Breaking molds are usually easy to do. Bucking trends can be dangerous.
Going against the grain can ruffle feathers.
But we've never been ones to shrink from new concepts!
Ask ten fine art-photographers their opinions on the validity of 'Limited Editions', and you are likely to skip the 'opinions' part and go straight to all out fist-to-cuffs.
Do not pass go, do not collect $200.
Arguments for Limited Editions include:
- Increased scarcity
- Increased value
- Some galleries only accept LE prints
- Some collectors are only interested in LE's
- Value of prints increase as the scarcity increases
Arguments against Limited Editions include:
- False inflation of a prints value
- 'Manufactured' scarcity is not the same as actual scarcity
- Many photographers 'limit' their Edition sizes at several hundred. Even 1,000. How is that considered 'limited'?
- Decreased availability
- Questionable practices by some photographers
- 'It's a scam'
There are obviously more opinions than just the few I've listed here. But regarding the last one - "It's a scam" - I've heard this mentioned quite frequently.
I find it a very cursory response to a very difficult topic. I know of several extremely talented, and incredibly ethical, photographers that offer LE's of their work that would be greatly offended by this claim. They are nothing if not ethical.
We (my wife and I) went through quite the journey in our quest for an answer. As strongly as I wanted to offer traditional Limited Edition series prints, I felt even more strongly regarding some of the negatives associated with the practice.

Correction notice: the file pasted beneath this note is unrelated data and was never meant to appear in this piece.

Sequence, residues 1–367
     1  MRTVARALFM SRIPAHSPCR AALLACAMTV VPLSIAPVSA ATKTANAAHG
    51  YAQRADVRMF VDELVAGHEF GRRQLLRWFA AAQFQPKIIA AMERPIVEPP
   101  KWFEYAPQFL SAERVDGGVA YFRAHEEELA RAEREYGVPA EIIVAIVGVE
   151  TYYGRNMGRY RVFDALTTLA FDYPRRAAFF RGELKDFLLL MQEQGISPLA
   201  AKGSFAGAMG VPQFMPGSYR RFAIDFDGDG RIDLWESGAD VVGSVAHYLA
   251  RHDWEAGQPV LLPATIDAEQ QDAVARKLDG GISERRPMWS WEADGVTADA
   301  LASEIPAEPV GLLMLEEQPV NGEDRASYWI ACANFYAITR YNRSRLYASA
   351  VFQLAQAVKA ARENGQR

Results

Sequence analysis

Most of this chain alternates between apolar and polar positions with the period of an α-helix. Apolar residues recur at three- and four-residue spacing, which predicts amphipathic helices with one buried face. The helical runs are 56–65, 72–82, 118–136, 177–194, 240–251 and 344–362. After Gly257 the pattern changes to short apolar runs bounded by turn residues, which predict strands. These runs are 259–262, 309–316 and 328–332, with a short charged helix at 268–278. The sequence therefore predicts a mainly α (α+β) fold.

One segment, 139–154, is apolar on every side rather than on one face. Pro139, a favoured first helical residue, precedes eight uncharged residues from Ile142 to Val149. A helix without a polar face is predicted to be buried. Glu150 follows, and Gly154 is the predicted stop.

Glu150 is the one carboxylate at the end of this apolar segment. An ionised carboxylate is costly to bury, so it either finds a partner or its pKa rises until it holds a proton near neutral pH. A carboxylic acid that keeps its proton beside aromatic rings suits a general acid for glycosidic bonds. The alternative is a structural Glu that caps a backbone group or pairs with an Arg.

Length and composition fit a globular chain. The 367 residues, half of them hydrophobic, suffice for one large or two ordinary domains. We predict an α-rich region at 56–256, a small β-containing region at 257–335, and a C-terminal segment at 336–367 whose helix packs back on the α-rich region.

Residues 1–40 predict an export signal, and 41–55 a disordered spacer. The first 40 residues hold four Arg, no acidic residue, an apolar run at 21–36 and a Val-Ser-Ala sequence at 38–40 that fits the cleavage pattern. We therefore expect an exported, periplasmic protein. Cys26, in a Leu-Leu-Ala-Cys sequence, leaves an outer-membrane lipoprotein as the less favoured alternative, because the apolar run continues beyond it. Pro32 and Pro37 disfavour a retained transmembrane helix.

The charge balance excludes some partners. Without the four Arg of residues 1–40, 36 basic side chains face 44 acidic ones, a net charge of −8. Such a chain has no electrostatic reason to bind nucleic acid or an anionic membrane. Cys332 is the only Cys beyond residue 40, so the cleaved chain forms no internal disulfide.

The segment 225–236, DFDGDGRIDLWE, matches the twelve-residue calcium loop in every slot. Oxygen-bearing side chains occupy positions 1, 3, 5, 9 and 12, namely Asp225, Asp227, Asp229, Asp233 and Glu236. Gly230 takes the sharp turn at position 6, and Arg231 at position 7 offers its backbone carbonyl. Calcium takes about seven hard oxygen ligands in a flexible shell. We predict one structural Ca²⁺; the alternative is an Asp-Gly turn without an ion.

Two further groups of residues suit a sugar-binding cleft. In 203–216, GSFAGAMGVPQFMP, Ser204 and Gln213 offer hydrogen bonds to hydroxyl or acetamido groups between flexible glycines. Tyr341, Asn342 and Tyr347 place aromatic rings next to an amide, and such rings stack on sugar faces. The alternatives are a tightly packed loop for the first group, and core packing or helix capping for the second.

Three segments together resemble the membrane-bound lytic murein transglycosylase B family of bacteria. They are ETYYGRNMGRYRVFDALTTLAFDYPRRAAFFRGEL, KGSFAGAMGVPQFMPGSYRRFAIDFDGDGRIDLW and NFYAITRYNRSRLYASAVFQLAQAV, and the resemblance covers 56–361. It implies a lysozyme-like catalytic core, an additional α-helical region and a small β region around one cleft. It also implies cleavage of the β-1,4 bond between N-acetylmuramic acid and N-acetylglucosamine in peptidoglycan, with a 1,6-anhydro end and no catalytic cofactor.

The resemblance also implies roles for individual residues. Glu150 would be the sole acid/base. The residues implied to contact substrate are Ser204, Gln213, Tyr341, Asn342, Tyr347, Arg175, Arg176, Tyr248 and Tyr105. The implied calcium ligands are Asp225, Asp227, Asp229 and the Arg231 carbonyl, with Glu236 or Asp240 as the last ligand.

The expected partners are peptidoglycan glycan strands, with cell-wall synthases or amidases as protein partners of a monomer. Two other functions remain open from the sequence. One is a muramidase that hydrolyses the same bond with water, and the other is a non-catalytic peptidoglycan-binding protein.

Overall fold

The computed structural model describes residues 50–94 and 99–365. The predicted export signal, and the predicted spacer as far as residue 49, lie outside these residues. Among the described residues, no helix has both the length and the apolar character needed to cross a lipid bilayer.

One of my personal beliefs is that,
Art should be accessible to more people, rather than less.
I never wanted to alienate some buyers in favor of others, simply due to cost.
I was hit by 3 great realizations.
I don't care if I make my living as a photographer
As I will be discussing in another post (in my 'A Selfish Art' series), I no longer feel the need to obtain the status symbol of 'Professional Photographer'.
I simply refuse to have my art tainted by the over-reaching drive to make money from it.
Regardless of my 'current job title', I am a photographer.
It is who I am, in my heart.
I don't have to follow trends or prescribed methods
It's art, damnit. Rules are for people that need structure to conform.
I've never done well with that.
In the end, I realized that no matter what you do, or what choices you make - someone will always speak negatively about it. You could donate $1 billion to cancer research, and some moron will argue that you could have done 'more'.
In the end, you have to chose what feels right for you.
Damn the naysayers. 'Haters gonna hate'.
I can create my own system.
The two previous realizations led directly to this choice.
When the system doesn't accommodate features that you desire, create a new system.
With that in mind, we asked ourselves what we wanted to offer. It was a long list, but we knew that we needed to simplify it. Complicated is never better.
We wanted to continue to offer Open Edition prints, in multiple sizes.
This addresses my desire to keep art attainable - at least to a broader audience.
In our Open Edition, each image is offered in a range of sizes. Depending on the file size (typically based on the type of camera the image was captured with), different images can be printed larger than others.
All Open Edition prints are signed and printed on high quality, Epson 'Signature Worthy' paper. They are not numbered or dated.
We also wanted to offer something different, for discerning collectors.
Something truly limited.
We call them Renditions. We are really proud of them.
Here's how it works...
When I realize that a new image belongs in our Collection, the digital file is 'mastered', and readied for public release.
How do I 'master' an image? I work on it until I am really happy with the results, and confident enough to show it to others. Trust me, I'm very protective of my unfinished work - just ask my wife.